“We told a guy about it once and now it’s what everyone asks us,” interrupts a riled Adam as I enquire about an infamous and ultimately unsuccessful Battle Of The Bands competition where the group reinterpreted Jet's woeful dirge Are You Gonna Be My Girl. “We had two of our own songs played as well, it wasn’t just a Jet cover. It was one of our first shows and we tried to secure victory with our own stuff but we had our set cut short.”

They may still be reeling from this fledgling defeat but the Edinburgh-born group have certainly raised their game since moving to Glasgow three years ago: “I think there’s a lot more maturity to the songs now,” says Darren, only recently returned from a four month trek to Germany. Sean agrees: “Before, we wrote three minute pops songs but I think what we’re producing now is a lot more intense. When we started out we all liked things like Franz Ferdinand and Muse but now we’re listening to bands like El Padre – they’re amazing.”

Definite stamps of Franz-styled angularity can still be found in the jerking revs of Roll Up Your Sleeves but the thrill of sprightly jangling is beginning to wear off on the WWPJ boys: “When Darren was away we did a few low-key acoustic shows where we played different versions of our songs,” says Sean before Adam interjects: “We ended up having more people in the band than we normally do. We’ve introduced glockenspiel, organ, violins and bells – we’re trying to become a little more expansive.”

With such a sci-fi loving appellation are We Were Promised Jetpacks looking for lift-off into the charts? “We’ve not really thought about [mainstream success],” says Adam. “I don’t see us as an indie band and there’s nothing particularly experimental about us so I’m not sure where we fit in.” Sean continues: “The worst kind of question is ‘what kind of music is it?’ Especially when someone doesn’t really know what to compare it to.”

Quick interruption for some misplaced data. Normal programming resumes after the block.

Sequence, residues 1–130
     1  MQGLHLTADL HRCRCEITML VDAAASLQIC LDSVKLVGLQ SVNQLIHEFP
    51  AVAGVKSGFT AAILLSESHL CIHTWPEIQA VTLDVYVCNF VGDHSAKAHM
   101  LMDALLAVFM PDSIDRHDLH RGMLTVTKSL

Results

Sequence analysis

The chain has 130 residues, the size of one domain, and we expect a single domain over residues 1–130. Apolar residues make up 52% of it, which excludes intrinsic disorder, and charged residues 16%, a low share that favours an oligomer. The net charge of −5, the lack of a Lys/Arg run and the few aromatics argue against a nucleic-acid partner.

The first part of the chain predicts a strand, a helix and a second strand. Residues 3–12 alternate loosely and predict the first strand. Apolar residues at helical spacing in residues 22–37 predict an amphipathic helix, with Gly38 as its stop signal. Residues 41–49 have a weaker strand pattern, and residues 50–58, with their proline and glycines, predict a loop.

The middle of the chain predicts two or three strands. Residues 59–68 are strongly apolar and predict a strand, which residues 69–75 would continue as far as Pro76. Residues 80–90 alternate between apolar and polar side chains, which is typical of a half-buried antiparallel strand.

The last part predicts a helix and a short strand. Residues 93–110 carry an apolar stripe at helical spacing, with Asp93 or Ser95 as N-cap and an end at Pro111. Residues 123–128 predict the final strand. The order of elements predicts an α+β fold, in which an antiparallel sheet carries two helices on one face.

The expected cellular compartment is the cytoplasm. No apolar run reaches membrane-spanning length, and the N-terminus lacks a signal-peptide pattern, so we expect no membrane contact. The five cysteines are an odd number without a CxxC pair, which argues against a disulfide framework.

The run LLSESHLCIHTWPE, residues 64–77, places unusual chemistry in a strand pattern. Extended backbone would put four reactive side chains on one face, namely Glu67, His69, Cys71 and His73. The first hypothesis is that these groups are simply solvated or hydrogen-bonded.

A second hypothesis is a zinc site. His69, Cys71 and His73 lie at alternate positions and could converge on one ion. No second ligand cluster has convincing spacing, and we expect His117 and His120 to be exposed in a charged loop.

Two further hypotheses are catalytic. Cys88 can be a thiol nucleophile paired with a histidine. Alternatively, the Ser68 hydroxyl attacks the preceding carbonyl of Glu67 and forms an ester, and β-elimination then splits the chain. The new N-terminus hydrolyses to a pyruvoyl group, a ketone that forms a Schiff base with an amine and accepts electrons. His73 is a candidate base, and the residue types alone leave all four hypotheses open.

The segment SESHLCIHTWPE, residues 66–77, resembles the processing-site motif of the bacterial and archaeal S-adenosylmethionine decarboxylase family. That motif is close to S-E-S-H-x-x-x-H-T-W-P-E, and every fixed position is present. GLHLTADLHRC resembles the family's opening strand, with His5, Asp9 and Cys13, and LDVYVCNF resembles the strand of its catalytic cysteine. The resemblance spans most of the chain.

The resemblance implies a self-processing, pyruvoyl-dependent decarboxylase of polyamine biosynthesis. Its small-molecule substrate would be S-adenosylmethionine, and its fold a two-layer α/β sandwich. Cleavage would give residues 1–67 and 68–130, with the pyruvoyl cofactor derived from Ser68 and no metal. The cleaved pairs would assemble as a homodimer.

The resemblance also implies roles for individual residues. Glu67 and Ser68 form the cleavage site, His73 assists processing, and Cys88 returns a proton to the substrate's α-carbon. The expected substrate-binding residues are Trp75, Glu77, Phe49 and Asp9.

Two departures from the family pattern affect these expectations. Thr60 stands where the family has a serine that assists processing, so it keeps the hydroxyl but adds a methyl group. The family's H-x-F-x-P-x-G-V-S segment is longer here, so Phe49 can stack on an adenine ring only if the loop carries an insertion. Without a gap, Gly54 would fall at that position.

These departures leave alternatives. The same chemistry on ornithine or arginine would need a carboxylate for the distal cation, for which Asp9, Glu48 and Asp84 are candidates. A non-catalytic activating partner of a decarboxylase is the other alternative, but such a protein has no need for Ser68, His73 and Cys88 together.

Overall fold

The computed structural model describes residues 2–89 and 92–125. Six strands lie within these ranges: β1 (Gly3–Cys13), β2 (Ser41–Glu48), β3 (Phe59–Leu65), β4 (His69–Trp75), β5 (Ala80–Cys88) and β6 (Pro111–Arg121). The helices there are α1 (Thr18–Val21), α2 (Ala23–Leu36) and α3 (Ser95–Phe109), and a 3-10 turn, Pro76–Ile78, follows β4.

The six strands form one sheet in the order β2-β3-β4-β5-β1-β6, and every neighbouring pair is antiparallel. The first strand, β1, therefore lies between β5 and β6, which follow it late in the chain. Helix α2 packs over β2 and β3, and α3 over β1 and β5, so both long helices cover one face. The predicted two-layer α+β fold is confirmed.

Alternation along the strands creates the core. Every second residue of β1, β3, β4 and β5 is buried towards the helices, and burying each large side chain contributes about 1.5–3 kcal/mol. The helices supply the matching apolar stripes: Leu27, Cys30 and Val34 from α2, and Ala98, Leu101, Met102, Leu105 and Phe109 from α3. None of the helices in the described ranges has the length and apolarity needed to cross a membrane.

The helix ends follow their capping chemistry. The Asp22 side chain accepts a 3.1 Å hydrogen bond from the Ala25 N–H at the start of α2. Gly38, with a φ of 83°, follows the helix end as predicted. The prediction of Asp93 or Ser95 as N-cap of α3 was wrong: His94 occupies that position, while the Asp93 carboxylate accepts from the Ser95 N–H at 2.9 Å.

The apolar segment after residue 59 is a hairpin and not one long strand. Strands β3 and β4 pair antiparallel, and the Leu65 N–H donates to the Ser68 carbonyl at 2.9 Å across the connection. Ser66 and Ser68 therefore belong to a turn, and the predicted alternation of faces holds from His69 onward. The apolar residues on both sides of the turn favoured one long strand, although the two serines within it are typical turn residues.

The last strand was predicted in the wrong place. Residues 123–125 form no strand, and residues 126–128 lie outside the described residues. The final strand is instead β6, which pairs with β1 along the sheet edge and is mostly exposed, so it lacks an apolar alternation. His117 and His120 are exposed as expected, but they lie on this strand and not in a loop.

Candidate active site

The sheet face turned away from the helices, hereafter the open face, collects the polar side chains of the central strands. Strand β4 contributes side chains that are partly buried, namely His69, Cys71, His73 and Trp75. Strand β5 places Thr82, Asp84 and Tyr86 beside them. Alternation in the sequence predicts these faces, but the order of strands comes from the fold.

Sensing I'll never get a better opportunity than now, I make a play for those three eternal adjectives. Eyes are rolled and cheeks are puffed before a well-primed response is delivered: “Loud. Full. Fun”. Nae quite a bravado-packed statement of intent but, then again, did you really expect anything else?

Published in a different form here

Thursday, 14 August 2008

ALBUM REVIEW: The Great Depression - Forever Altered

You should never judge a book by its cover. But in the musical world, where reality is skewed by hyperbolically-fed Jesus complexes, the band name's an integral part of the deal. Take Battles for example. You think they'd be everyone's favourite grey-matter pummelling math rockers if they were called The Bunnyfairies? Me neither. Fuck, they'd be lucky to broker a gig here in beer-swilling Blighty with a meadow-skipping moniker like that.

Likewise Liars, Hella, Fucked Up and The Brian Jonestown Massacre (perhaps more in spirit than in sound) are all perfect examples of modern day tune-churners whose choice of appellation epitomises their enticing aural arrangements. And kings of the ID-wearing musical miscreant? Stand forth, the UK's most effective Roland Rat impersonators, The Enemy (yeah, yeah, easy target).

With such name-tagged notions lodged firmly in mind, the prospect of The Great Depression's third LP Forever Altered doesn't exactly fill me with hopes of major-key whirring pop ditties played in the sun-blushed styling of Sweden's I'm From Barcelona. I don’t think I’ll ever understand what's so great about depression - economically or emotionally - but it's fair to say I’ve grasped the idea that any band that so openly dips its toes in the dank cauldron of despondency ain’t gonna produce a spirit-lifting collection of choons.